Australian wheat yields are forecast to fall by more than a third from last year’s record harvest, back toward average levels, according to the latest Wheat Production Outlook from NAB Agribusiness.
Australia’s total wheat crop is estimated to reach 23.3 million tonnes in 2017-18, based on rainfall to date and predicted average rainfall in major cropping areas for the rest of the season.
NAB agribusiness economist Phin Ziebell said severe rainfall deficits in June have had a significant impact on the prediction.
‘‘Given last season broke the previous record crop by over six million tonnes, it was always unlikely this season would match it,’’ Mr Ziebell said.
‘‘However, the figure was looking more like 24.4 million tonnes until we added last month’s rainfall figures, showing just how bad winter has been so far.
‘‘Our model points to a much closer to average season, given only patchy rainfall in the autumn break and the extremely dry start to winter across most of Australia.’’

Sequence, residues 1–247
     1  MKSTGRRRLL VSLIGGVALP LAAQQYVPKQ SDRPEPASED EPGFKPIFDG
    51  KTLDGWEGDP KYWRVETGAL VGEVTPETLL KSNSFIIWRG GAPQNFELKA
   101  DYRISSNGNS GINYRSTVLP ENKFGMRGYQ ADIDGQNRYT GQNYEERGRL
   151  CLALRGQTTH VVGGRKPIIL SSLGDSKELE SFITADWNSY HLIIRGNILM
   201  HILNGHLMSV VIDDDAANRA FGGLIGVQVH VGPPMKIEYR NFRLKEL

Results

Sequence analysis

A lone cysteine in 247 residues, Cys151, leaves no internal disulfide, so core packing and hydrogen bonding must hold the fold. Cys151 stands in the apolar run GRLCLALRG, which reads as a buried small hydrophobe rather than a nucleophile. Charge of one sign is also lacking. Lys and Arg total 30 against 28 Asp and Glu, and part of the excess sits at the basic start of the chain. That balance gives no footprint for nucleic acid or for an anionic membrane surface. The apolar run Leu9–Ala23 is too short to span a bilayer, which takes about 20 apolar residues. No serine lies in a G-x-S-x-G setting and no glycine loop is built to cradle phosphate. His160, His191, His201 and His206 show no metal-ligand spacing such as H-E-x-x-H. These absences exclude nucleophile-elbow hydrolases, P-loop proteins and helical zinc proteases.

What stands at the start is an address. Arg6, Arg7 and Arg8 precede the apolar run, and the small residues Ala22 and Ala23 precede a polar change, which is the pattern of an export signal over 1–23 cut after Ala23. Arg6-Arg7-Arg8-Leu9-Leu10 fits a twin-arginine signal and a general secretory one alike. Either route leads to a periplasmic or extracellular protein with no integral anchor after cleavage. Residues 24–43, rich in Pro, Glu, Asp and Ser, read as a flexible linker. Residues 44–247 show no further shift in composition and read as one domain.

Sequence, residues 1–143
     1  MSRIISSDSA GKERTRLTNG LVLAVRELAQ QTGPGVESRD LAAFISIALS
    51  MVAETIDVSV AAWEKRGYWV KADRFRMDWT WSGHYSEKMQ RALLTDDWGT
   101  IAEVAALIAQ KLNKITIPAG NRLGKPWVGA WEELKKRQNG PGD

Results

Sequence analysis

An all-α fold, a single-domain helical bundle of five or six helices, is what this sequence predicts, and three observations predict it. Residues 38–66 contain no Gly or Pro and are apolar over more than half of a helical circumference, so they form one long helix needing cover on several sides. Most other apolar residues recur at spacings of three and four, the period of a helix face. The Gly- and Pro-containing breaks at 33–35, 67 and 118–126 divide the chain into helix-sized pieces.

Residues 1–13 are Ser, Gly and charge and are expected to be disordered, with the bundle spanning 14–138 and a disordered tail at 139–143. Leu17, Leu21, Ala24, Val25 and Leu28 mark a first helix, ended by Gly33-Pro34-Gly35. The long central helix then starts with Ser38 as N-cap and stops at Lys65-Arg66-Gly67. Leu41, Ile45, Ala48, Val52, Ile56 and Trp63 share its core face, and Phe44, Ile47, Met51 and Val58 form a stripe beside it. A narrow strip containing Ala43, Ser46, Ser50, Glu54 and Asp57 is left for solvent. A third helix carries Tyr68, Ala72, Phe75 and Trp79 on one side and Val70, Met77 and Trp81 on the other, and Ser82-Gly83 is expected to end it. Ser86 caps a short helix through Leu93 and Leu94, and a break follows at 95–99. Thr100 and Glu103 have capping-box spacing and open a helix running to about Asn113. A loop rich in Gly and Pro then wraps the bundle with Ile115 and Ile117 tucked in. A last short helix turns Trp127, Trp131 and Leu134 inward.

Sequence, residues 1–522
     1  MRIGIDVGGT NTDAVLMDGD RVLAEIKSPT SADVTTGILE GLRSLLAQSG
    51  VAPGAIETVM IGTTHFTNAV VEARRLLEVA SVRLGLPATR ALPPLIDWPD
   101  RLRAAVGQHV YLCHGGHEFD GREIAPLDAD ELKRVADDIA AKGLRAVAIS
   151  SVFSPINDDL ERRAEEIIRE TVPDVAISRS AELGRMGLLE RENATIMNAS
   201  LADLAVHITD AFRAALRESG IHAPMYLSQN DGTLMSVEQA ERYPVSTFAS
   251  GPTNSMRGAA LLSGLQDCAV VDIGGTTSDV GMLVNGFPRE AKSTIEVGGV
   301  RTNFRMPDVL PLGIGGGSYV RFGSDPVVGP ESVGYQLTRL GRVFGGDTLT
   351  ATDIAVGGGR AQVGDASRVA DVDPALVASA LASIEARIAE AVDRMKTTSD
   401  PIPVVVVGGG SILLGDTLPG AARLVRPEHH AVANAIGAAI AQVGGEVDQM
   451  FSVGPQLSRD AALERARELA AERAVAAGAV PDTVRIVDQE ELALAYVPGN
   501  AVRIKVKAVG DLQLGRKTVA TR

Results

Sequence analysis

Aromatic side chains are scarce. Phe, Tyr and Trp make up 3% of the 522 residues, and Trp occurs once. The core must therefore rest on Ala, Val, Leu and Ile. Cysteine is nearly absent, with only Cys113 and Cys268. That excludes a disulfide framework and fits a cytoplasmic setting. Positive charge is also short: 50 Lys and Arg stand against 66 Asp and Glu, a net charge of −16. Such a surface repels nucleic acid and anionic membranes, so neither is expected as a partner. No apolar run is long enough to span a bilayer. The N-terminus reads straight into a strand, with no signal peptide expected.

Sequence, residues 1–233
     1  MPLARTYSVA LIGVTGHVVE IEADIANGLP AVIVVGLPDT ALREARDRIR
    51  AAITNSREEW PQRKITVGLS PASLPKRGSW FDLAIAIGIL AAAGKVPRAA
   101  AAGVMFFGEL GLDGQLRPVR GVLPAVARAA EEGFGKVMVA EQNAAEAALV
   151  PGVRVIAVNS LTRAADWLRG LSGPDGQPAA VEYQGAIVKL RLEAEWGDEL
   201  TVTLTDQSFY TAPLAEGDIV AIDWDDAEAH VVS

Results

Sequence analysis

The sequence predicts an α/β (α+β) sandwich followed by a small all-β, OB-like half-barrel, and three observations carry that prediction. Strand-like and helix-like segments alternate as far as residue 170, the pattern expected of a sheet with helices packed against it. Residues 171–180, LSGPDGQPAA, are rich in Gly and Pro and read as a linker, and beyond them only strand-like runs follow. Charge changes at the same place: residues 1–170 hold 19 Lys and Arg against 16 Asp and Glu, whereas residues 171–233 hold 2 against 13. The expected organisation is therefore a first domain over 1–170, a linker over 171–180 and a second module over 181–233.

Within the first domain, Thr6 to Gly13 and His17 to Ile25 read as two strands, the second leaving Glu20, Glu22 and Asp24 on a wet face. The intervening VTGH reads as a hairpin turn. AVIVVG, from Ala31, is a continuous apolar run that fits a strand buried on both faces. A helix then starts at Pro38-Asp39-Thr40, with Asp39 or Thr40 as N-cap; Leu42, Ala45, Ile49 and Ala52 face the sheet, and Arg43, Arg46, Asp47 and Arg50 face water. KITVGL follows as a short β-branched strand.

Mr Ziebell said rain was now much needed in almost all grain growing regions.
‘‘Root zone soil moisture is below average to well below average across most regions.
‘‘Parts of Western Australia’s northern wheat belt, South Australia’s Eyre Peninsula, the NSW Riverina, large areas of Queensland, and Victoria’s north-east and Gippsland have never experienced soil moisture levels this low at this time of year.’’
While the Bureau of Meteorology has cancelled its El Niño watch, the three-month climate outlook for July to September shows below-average rainfall in the Western Australian wheat belt and south-west, most of Victoria and NSW, and parts of South Australia.
If these rainfall levels transpire, there is a potential downside for grain yields.
NAB’s outlook for wheat production is based on analysis of district level season rainfall (April to September) and state level wheat yields from 1900-01 to 2015-16.